If you’ve ever had a kitten or gone to a shelter, you’ve probably seen the sneezing, runny noses and watery eyes typical of upper respiratory tract infections in cats. 

What causes upper respiratory infections?

Two viruses cause most upper respiratory infections in cats: feline herpesvirus type 1 (FHV-1) and feline calicivirus (FCV). They’re highly contagious, spreading rapidly from cat to cat, and are especially problematic where lots of cats are housed together, like shelters or long-term sanctuaries.

Almost all cats are exposed to FHV-1 during their lifetime, and kittens often get infected by their mothers shortly after birth. Since FHV-1 is a herpesvirus, cats become life-long carriers after they’re exposed.

Stress can reactivate this dormant feline herpesvirus, causing upper respiratory signs to reappear. Stress-induced shedding helps explain why shelter cats are prone to upper respiratory infections.

Like FHV-1, FCV is highly contagious. But unlike FHV-1, FCV is not linked to stress. Some cats are healthy carriers of FCV, where they don’t show any signs but can still spread the disease. This virus also has been linked to some chronic diseases in cats.

What are the signs of upper respiratory infections?

Think of the signs of a human common cold, and you’ll be able to spot an upper respiratory infection in cats. Sneezing, watery eyes and watery nasal discharge are common.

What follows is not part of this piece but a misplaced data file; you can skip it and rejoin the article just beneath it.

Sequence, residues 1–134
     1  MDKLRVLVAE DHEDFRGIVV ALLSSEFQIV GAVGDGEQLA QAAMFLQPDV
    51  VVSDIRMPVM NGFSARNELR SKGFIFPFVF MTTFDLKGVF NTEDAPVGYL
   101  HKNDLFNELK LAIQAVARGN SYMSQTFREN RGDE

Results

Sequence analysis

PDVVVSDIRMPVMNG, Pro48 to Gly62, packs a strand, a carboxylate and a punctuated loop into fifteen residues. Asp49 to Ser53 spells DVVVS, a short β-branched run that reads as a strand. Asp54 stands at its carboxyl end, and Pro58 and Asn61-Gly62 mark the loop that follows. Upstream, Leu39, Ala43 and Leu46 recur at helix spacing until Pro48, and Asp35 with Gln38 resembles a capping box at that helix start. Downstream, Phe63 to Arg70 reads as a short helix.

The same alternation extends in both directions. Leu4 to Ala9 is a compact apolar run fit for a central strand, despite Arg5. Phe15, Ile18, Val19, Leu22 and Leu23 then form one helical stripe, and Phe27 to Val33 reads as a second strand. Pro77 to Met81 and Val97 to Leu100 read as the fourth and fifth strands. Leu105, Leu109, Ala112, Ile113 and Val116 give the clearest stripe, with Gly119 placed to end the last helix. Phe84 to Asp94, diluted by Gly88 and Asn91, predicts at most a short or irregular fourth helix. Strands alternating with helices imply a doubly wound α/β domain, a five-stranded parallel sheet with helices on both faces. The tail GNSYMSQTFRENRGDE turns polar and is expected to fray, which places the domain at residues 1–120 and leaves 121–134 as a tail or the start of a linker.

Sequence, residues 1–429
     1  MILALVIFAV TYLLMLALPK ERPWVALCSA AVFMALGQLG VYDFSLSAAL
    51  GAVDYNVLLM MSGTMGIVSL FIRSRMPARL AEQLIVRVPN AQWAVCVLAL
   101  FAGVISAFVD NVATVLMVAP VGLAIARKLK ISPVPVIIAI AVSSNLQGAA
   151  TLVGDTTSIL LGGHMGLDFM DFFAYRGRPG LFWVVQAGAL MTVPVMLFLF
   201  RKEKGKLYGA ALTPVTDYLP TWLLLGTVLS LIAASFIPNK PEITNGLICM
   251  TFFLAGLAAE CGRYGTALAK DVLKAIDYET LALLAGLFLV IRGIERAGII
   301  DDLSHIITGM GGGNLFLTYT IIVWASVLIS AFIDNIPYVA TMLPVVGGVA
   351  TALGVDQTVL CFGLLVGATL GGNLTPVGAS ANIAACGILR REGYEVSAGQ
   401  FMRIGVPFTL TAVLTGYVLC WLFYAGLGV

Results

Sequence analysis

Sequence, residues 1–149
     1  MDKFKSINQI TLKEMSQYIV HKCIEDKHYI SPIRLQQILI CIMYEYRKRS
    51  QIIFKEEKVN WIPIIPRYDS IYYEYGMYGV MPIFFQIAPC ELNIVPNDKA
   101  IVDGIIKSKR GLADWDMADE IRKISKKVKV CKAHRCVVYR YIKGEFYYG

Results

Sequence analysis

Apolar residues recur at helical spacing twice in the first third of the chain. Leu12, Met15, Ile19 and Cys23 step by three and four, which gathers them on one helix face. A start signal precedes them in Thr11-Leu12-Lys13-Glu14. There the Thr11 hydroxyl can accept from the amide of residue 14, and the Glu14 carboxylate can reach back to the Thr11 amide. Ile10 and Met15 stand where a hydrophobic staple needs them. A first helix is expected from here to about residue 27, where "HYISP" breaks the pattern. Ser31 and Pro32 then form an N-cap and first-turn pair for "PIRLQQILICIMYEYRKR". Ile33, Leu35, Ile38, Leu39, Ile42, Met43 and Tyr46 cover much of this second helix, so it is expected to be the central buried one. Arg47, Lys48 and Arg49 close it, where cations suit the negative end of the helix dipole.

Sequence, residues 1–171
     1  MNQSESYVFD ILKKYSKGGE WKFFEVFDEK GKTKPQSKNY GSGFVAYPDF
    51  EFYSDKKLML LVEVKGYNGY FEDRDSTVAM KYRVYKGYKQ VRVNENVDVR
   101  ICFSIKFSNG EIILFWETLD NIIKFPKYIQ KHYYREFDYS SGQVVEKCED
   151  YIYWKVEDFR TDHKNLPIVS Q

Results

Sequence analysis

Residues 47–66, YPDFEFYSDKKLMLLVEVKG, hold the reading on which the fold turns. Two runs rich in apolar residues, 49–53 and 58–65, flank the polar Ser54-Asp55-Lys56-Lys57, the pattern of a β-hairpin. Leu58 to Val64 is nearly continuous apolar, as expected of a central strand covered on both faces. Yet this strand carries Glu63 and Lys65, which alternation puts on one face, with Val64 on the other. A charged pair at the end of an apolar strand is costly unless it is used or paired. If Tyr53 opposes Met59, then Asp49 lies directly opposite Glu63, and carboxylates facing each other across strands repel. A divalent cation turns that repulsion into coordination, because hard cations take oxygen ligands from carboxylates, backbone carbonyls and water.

Others include loss of appetite, lethargy, oral ulcers and fever. Upper respiratory infections can lead to bacterial infections, which can be very serious. Coughing and eye and nose discharge are signs of more serious infections.

Sometimes the viruses responsible for infections never completely clear, so cats can have periodic relapses throughout their lives.

It's simple.We have the most comprehensive pet insurance for cats & dogs.

How are upper respiratory infections treated?

The good news is that many cats recover from upper respiratory infections without treatment. Severely affected cats may need supportive care with fluids, nutritional support, and antibiotics for secondary infections.

Other treatments include eye drops, antiviral drugs, and nebulization (moist steam treatments). One of the most important therapies is stress reduction, especially in cats housed in groups, such as rescue facilities and shelters.

Your vet can guide you on the best treatment and prevention strategies for your cat.

Mar 24, 2016
Pet Health

Get covered with Petplan

An insurer who cares about your pets (nearly!) as much as you do.

Start quote

More from 

Pet Health


View All

Join Our Newsletter and Get the Latest
Posts to Your Inbox

By subscribing you agree to our terms and conditions.
No spam ever. Read our Privacy Policy
Thank you! Your submission has been received!
Oops! Something went wrong while submitting the form.